Thesis Info

Thesis Title
Ubiquity and Fluidity
Rob La Frenais
2nd Author
3rd Author
Number of Pages
Brunel University, London UK
Thesis Supervisor
Barry Edwards (Reader)
Supervisor e-mail
Other Supervisor(s)
Language(s) of Thesis
UK English
Department / Discipline
School of Arts
Languages Familiar to Author
UK English, French
URL where full thesis can be found
science, technology, performance, fluidity, ubiquity, practice-based, contestable data, microgravity
Abstract: 200-500 words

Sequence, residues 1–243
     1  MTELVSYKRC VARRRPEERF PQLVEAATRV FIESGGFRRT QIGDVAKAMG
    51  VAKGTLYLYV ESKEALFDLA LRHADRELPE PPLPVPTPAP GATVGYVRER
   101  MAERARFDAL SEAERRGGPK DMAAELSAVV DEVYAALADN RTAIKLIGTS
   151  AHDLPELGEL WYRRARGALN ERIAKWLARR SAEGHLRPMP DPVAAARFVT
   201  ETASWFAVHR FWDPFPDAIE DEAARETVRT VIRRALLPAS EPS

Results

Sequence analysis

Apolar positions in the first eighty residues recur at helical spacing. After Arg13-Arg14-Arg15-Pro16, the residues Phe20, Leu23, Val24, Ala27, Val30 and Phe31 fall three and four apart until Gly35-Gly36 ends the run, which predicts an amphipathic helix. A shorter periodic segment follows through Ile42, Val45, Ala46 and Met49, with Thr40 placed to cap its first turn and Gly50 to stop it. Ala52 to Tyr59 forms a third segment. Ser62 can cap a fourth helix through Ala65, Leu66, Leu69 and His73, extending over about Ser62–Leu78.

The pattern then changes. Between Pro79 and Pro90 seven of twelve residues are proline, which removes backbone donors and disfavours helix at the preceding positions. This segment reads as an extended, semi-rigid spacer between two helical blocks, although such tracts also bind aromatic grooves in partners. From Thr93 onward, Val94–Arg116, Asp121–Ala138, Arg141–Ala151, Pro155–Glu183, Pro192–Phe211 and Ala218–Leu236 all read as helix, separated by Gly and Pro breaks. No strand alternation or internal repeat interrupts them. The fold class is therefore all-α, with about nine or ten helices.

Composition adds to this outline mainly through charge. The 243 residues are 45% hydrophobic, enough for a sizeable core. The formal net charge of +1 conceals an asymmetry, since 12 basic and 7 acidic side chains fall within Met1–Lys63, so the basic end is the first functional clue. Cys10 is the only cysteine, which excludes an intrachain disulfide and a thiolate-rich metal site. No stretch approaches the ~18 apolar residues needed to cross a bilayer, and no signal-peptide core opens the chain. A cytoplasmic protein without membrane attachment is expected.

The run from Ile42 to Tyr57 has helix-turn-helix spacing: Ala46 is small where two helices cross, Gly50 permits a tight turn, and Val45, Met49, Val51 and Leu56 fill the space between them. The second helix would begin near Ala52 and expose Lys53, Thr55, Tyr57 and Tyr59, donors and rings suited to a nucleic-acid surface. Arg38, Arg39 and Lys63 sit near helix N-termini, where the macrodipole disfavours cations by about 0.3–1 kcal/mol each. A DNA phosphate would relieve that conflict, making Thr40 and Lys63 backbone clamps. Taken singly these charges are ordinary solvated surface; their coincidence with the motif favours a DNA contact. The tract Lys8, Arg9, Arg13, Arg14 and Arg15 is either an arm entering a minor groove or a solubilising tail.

In this practice-based supporting documentation, I utilise what I nominate as twin axes, or vectors, fluidity and ubiquity, to describe the art practice I have engaged with over 25 years. Ubiquity to describe the way that art spreads into the areas of science, technology and real-life situations including political issues; fluidity to describe the artist’s ability to adapt quickly to circumstances. To do this I use various case studies emerging from my professional trajectory – firstly as founder and editor of Performance Magazine from 1979 and secondly as a creative curator working internationally since 1987. In the introduction I list the activities I have undertaken that inform this research, which, along with the list of materials, illustrates my practice-based research. I have selected the projects here because of their resonance and ability to reflect the above axes and these are presented as active field notes emerging from critical and curatorial practice. I also reflect on the artist’s critical engagement with science and technology and the artist’s ability to manipulate contestable data, both from a subjective and objective point of view. I also provide an historical snapshot of artistic activity which is widely drawn, yet maps various strata of artistic practices that might accompany an archive of an era. In doing this I describe unusual environments such as microgravity and other areas where the artist’s frontiers are expanded in a fluid and ubiquitous manner, and list some strategies for artistic survival.